Eric Lewis, attorney for the four, said Friday that military officials should be subject to liability when they order torture.



"The upshot of the Justice Department's position is that there is no right of detainees not to be tortured and that officials who order torture should be protected," Lewis said.



Last month in another court filing, the Justice Department sided with the Bush White House by arguing that detainees at Bagram Air Field in Afghanistan have no constitutional rights.

Start your day with The Independent, sign up for daily news emails
News
Bill Gates, founder of Microsoft and co-chair of the Bill and Melinda Gates Foundation
businessUber, Snapchat and Facebook founders among those on the 2015 Forbes Billionaire List
News
news... and what your reaction to the creatures above says about you
News
Jihadi John
newsMonikers like 'Jihadi John' make the grim sound glamorous
News
Homer’s equation, in an episode in 1998, comes close to the truth, as revealed 14 years later
science
Have you tried new the Independent Digital Edition apps?
ebooks
ebooksA special investigation by Andy McSmith
Latest stories from i100
Have you tried new the Independent Digital Edition apps?
Independent Dating
and  

By clicking 'Search' you
are agreeing to our
Terms of Use.

iJobs Job Widget
iJobs General

Ashdown Group: Finance Manager - Covent Garden, central London - £45k - £55k

£45000 - £55000 per annum + 30 days holiday: Ashdown Group: Finance Manager - ...

Ashdown Group: Systems Administrator - Lancashire - £30,000

£28000 - £30000 per annum: Ashdown Group: 3rd Line Support Engineer / Network ...

Recruitment Genius: Graduate Web Developer

£26000 - £33000 per annum: Recruitment Genius: A Web Developer is required to ...

Ashdown Group: PeopleSoft Developer - London - £45k

£45000 per annum: Ashdown Group: PeopleSoft Application Support & Development ...

Day In a Page

The difference between America and Israel? There isn’t one

The difference between America and Israel? There isn’t one

Netanyahu knows he can get away with anything in America, says Robert Fisk
Families clubbing together to build their own affordable accommodation

Do It Yourself approach to securing a new house

Community land trusts marking a new trend for taking the initiative away from developers
Head of WWF UK: We didn’t send Cameron to the Arctic to see green ideas freeze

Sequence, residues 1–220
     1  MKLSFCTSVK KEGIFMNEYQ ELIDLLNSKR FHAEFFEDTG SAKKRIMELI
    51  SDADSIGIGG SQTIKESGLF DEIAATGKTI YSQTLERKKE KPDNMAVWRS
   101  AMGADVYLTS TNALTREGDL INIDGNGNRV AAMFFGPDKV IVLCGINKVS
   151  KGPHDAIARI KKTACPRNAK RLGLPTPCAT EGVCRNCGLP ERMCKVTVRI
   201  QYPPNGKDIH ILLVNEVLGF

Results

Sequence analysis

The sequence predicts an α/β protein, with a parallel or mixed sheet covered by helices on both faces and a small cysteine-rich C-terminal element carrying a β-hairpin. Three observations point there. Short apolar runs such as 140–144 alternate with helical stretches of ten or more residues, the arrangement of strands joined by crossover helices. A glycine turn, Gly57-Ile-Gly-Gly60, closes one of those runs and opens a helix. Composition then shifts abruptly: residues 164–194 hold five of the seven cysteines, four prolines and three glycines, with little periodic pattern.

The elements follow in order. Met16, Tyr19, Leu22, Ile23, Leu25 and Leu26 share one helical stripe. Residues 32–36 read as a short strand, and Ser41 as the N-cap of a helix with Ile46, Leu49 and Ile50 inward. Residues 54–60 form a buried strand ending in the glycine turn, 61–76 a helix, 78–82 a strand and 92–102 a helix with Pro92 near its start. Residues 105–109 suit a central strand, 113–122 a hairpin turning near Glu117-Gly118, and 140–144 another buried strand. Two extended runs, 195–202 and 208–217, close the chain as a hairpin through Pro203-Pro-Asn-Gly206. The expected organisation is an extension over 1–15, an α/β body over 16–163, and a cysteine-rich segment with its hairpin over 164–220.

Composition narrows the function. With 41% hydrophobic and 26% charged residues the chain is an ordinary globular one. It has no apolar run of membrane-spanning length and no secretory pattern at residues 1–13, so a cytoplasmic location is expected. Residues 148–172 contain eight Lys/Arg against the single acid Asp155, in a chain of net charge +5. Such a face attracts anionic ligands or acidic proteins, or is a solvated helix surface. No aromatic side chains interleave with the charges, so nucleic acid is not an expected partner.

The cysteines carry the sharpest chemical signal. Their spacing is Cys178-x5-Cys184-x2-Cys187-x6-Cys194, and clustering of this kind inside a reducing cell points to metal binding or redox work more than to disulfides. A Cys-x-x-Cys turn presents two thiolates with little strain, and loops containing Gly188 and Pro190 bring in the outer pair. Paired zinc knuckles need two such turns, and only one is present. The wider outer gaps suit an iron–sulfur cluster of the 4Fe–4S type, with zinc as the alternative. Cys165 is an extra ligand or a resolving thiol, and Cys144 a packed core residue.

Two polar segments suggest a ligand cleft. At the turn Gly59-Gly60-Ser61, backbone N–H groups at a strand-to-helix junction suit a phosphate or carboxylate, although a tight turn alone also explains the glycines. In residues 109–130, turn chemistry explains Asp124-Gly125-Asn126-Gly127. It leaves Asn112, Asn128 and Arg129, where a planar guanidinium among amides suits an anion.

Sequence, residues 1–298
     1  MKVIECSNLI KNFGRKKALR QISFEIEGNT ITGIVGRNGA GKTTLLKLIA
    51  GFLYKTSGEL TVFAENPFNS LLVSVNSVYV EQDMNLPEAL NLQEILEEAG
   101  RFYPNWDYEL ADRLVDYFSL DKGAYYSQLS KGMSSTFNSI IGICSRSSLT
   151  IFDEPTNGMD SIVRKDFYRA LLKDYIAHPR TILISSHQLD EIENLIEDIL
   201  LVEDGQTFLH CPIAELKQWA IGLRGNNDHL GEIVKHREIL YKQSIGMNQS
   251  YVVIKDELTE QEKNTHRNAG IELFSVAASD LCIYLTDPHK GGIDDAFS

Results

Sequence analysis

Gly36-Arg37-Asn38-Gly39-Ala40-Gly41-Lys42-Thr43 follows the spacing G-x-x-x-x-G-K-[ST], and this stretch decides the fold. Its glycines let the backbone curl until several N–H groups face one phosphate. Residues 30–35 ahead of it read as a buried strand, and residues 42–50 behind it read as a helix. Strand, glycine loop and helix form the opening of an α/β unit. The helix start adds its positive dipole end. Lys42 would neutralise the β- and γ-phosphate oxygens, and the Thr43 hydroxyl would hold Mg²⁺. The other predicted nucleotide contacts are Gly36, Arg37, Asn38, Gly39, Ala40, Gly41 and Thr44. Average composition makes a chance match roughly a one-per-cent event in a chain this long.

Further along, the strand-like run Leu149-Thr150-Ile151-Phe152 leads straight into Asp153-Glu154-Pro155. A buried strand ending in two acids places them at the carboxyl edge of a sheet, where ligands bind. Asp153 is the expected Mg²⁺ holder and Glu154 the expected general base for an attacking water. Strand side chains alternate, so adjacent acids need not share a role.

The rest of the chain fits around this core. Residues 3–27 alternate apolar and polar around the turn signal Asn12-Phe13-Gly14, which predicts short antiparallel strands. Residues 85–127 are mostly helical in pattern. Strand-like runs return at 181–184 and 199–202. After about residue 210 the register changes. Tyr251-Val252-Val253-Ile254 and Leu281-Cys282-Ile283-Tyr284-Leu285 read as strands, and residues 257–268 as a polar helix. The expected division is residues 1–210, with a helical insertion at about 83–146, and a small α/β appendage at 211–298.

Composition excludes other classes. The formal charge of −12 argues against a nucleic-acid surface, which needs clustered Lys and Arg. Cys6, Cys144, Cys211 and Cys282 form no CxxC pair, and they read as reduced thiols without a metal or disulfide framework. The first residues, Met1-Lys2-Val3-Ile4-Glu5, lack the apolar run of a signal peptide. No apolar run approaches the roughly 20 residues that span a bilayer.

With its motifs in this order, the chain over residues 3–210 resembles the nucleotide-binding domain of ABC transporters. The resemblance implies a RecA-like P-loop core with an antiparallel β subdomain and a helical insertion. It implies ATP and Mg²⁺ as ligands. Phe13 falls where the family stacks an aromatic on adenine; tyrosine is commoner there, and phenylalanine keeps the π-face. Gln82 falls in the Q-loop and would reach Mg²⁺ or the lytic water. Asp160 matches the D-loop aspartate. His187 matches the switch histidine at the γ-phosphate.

David Nussbaum: We didn’t send Cameron to the Arctic to see green ideas freeze

The head of WWF UK remains sanguine despite the Government’s failure to live up to its pledges on the environment
Author Kazuo Ishiguro on being inspired by shoot-outs and samurai

Author Kazuo Ishiguro on being inspired by shoot-outs and samurai

Set in a mythologised 5th-century Britain, ‘The Buried Giant’ is a strange beast
With money, corruption and drugs, this monk fears Buddhism in Thailand is a ‘poisoned fruit’

Money, corruption and drugs

The monk who fears Buddhism in Thailand is a ‘poisoned fruit’
America's first slavery museum established at Django Unchained plantation - 150 years after slavery outlawed

150 years after it was outlawed...

... America's first slavery museum is established in Louisiana
Kelly Clarkson: How I snubbed Simon Cowell and become a Grammy-winning superstar

Kelly Clarkson: How I snubbed Simon Cowell and become a Grammy-winning superstar

The first 'American Idol' winner on how she manages to remain her own woman – Jane Austen fascination and all
Tony Oursler on exploring our uneasy relationship with technology with his new show

You won't believe your eyes

Tony Oursler's new show explores our uneasy relationship with technology. He's one of a growing number of artists with that preoccupation
Ian Herbert: Peter Moores must go. He should never have been brought back to fail again

Moores must go. He should never have been brought back to fail again

The England coach leaves players to find solutions - which makes you wonder where he adds value, says Ian Herbert
War with Isis: Fears that the looming battle for Mosul will unleash 'a million refugees'

The battle for Mosul will unleash 'a million refugees'

Aid agencies prepare for vast exodus following planned Iraqi offensive against the Isis-held city, reports Patrick Cockburn
Yvette Cooper: We can't lose the election. There's too much on the line

Yvette Cooper: We can't lose the election. There's too much on the line

The shadow Home Secretary on fighting radical Islam, protecting children, and why anyone in Labour who's thinking beyond May must 'sort themselves out'
A bad week for the Greens: Leader Natalie Bennett's 'car crash' radio interview is followed by Brighton council's failure to set a budget due to infighting

It's not easy being Green

After a bad week in which its leader had a public meltdown and its only city council couldn't agree on a budget vote, what next for the alternative party? It's over to Caroline Lucas to find out
Gorillas nearly missed: BBC producers didn't want to broadcast Sir David Attenborough's famed Rwandan encounter

Gorillas nearly missed

BBC producers didn't want to broadcast Sir David Attenborough's famed Rwandan encounter
Downton Abbey effect sees impoverished Italian nobles inspired to open their doors to paying guests for up to €650 a night

The Downton Abbey effect

Impoverished Italian nobles are opening their doors to paying guests, inspired by the TV drama
China's wild panda numbers have increased by 17% since 2003, new census reveals

China's wild panda numbers on the up

New census reveals 17% since 2003